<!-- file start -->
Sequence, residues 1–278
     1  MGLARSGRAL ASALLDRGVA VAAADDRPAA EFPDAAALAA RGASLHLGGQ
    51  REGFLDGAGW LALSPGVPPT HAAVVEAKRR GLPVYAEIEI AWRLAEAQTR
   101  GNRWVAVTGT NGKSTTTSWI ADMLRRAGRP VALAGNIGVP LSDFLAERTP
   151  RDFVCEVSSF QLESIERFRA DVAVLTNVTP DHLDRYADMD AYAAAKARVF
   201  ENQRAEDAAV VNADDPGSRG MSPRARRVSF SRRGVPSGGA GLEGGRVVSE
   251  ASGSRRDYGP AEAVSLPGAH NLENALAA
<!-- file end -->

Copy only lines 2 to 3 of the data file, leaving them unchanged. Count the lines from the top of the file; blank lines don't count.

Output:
     1  MGLARSGRAL ASALLDRGVA VAAADDRPAA EFPDAAALAA RGASLHLGGQ
    51  REGFLDGAGW LALSPGVPPT HAAVVEAKRR GLPVYAEIEI AWRLAEAQTR